An Australian volunteer who was doing whatever volunteers do in PNG.
I was there for 2 years until Dec 2005 .. I hope I made the most of it.

Tuesday, October 12, 2004

Tall Tales and Truth

When I started telling everyone I knew at the end of last year that I was packing up, heading offshore again and going to PNG, one thing I found was that everyone seemed to have some sort of tale or stereotype about the country. Mostly the stories ranged in what I thought at the time to be the bizarre and no way could that be true category.

So now that I have firmly planted my feet here and taken stock of the situation I thought that I would pass judgement on a few of these tales and tell the world if they are true or false.

Tale: My mate Basil, who I used to work with and who once gave me a slab of homebrew that I left stupidly stored under my bed (word to the wise - don't do this! homebrew has a tendency to be - lets just say - unstable), told me that he worked in Hagen for a few months and saw all sorts of things. The one that sticks in my mind the most was his story of walking down the main street to go to the bank and seeing a woman coming the other way suckling a pig. He then proceeded to tell me that this was quite common for them to do this.
Verdict: True. As bizarre as it seems this is apparently true, though I have never witnessed it myself, I have been told by a number of reliable sources since I have been here that this is true. Pigs are valued so highly in the Highlands that they are nursed like babies during their infant stages.

Tale: A popular tale told to me before I came up, which almost all people seemed to know is again about pigs in the highlands. This one involves what you need to do if you accidentally manage to hit one while driving. What they said was if you do collect one underneath your Bridgestone's is that you just need to keep going, don't stop and just get yourself to a police station.
Verdict: True. Because of the value of the beasts if you kill one, even if it stumbles as they do right in front of your ute, you just need to get out of there. Compensation and even payback are big problems especially up in the highlands. What is worse obviously is if you manage to hit and kill a person, then you would need to up and leave the country.

Tale: My old man was the first to tell me this tale after he came up here in the late 80's to try and win a contract, again he was in Mt Hagen - all the good stories seem to come from the Highlands - and he told me that he had hired a 4WD and went to see some location or whatever when they came across a road-block. The national guys he was with said stay in the car as there was a tribal fight going on. After a bit of time dad saw guys wearing their traditional clobber with bows shooting off arrows at each other.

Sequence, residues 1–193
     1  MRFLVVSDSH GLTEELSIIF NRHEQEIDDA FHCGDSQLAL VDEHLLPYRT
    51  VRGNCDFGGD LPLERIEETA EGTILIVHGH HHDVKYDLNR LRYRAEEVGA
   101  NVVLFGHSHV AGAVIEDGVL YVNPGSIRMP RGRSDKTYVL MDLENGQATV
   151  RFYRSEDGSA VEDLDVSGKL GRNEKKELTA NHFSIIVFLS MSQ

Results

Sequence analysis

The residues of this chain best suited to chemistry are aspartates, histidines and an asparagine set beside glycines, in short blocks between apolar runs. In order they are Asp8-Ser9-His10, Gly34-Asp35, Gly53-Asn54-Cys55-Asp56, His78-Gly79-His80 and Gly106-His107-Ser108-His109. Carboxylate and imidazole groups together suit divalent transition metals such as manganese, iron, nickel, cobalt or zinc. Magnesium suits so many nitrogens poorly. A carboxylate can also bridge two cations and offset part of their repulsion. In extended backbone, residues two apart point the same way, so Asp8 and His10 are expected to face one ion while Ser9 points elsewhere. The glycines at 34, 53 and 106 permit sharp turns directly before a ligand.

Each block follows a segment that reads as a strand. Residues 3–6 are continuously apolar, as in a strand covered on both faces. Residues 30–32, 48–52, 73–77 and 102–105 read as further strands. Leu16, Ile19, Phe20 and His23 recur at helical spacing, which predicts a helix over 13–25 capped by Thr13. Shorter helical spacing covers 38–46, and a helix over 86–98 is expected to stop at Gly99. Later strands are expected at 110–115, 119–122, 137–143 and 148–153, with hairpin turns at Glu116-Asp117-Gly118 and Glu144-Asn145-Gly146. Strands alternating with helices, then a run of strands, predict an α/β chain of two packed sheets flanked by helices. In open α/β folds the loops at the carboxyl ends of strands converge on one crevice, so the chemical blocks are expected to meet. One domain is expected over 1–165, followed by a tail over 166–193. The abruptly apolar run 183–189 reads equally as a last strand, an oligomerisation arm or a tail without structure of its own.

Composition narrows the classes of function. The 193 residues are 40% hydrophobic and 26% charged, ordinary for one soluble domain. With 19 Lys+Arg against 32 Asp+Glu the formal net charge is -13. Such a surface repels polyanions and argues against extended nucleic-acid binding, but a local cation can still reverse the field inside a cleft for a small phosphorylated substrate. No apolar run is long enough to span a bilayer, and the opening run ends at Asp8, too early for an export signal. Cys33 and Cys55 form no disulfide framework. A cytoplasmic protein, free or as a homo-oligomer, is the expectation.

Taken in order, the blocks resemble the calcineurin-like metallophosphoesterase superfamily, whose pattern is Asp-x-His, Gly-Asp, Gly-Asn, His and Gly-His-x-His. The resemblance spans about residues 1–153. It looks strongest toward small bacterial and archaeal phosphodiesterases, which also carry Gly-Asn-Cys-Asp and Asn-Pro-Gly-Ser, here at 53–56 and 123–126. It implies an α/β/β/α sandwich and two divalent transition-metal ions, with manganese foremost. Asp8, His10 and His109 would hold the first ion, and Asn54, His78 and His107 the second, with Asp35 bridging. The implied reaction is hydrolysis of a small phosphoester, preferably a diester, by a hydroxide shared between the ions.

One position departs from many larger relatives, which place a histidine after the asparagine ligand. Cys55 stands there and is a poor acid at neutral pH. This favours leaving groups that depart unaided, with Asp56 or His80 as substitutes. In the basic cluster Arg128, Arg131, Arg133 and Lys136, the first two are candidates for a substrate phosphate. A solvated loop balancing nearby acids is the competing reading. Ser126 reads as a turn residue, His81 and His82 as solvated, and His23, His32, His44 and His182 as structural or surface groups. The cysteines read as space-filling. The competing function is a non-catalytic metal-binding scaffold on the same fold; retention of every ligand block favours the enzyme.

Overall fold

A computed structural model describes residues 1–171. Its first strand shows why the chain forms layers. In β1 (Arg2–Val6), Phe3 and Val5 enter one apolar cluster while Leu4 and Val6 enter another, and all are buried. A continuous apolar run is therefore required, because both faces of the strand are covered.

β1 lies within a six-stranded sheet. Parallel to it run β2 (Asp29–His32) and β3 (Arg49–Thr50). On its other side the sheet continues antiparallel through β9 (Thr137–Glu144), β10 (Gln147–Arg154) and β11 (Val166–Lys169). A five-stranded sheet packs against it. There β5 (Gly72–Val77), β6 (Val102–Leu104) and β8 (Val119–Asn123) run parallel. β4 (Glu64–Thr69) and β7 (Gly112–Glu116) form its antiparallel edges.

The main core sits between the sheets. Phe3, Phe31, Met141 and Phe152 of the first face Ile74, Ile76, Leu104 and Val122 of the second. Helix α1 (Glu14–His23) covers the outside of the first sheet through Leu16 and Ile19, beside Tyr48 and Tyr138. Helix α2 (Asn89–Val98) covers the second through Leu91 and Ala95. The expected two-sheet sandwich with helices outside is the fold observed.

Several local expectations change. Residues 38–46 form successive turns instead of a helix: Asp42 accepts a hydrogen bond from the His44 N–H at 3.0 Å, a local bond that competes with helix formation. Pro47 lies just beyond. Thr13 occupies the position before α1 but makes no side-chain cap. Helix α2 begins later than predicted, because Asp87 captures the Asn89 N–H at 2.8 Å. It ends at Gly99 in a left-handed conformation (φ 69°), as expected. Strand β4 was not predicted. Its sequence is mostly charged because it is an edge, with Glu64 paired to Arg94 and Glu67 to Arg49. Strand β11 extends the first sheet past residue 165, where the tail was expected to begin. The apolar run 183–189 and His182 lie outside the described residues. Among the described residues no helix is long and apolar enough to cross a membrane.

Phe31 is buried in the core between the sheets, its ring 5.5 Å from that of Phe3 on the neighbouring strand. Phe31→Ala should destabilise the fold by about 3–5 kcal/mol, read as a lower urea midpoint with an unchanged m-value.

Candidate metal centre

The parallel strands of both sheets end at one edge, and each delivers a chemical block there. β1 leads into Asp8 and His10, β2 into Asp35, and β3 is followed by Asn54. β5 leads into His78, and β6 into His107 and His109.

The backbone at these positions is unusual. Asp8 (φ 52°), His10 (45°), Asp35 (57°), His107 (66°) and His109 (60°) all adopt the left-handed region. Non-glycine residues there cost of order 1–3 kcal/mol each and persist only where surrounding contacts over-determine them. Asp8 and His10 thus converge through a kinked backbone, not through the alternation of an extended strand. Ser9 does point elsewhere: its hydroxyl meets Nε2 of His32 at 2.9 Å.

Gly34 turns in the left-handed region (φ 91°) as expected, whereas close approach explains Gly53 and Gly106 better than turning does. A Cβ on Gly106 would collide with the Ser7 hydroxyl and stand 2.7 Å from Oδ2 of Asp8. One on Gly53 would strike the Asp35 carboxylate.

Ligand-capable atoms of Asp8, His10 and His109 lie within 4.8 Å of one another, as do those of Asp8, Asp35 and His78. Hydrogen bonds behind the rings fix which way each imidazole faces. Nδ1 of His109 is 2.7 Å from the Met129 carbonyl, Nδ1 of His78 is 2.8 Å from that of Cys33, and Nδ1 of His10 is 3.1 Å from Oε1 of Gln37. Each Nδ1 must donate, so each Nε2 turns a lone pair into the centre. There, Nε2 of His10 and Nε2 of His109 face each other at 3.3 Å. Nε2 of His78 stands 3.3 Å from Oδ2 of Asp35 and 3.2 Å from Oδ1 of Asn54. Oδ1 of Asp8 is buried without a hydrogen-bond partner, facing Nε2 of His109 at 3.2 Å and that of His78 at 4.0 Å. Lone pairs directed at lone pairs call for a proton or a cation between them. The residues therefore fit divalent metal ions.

Verdict: True. Tribal fights happen, or at least did happen in the traditional way. Unfortunately now they are more likely to pull out the machine guns rather than the bow and arrows. I guess the old man was quite lucky to see it still in the traditional way.

Tale: Jason my former boss, and all round great guy (hey he did ring me up after coming back from the U.K. and offer my old job back - well almost old job), dragged out the old tale of cannibals when I told him I was up and leaving. This is not so much as a tale but more of a stereotype about PNG. One of the only things that people seem to remember about PNG is the head-hunters and you should skip the place because you just might end up in a pot.
Verdict: False. Of course this is just bollocks. The last head-hunters died out in the 60's or so, the missionaries have done a fine job of that. But I guess it is one of things people remember most about PNG, therefore it is raised.

Tale: Another adage based on fact, is the one about PNG still using shells as money. Jason again raised this stereotype before I came up, in fact most of the things he raised about PNG were stereotypes, though at the time he was just trying to wind me up.
Verdict: True and false. Shells do still have value, especially in the Tolai villages of East New Britain, where they traditional give big coils up to a metre in diametre at weddings and funerals. But of course there is a proper cash based currency here. Interestingly the name for it, Kina, means shell in Tolai.

Tale: Another guy I used to work with had the story about the time while he was working on a Russian cruise ship that docked in Port Moresby (a bizarre story in itself, if you ask me), and being the pot-head he was at the time, tried to secure some of the local produce. He asked someone on the wharf if he could get some and gave him a US$20 bill when confirmed to see if this would cover costs. When the guy came back the next day, he came back with two full garbage bags worth.
Verdict: Unknown but most likely true. I would dare say this probably happened though it could be a little bit exaggerated, knowing the person who told the tale to me. One thing I do know is that there is plenty of weed growing wild all over the place here.

I have changed my blog slightly so that it uses Haloscan for the comments - much more user friendly - but I did not want Riss's comment to disapear, so I will recreate it here below.
Well i think if you're going to recount true stories of PNG, you really need to post Neil's story after he visited a (not to be named) village earlier on in the year - the pig story... remember it? How he realised not only were thongs totally necessary when walking down the street because people had no worries about dropping their dacks if they needed to take a dump - they just needed to make sure they also took along a stick, because the pigs roaming the town liked nothing better than a hot breakfast and were often in a rush to be first in line...